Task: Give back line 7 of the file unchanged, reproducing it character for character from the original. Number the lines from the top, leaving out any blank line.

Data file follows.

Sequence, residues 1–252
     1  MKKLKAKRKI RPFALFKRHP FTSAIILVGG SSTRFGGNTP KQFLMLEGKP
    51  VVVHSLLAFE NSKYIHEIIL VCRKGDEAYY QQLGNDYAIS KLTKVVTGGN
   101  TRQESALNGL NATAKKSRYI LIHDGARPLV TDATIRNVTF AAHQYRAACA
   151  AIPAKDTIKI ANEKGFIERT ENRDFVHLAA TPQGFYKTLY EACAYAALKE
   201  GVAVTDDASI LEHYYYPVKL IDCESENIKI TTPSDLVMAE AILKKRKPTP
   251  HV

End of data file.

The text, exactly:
   251  HV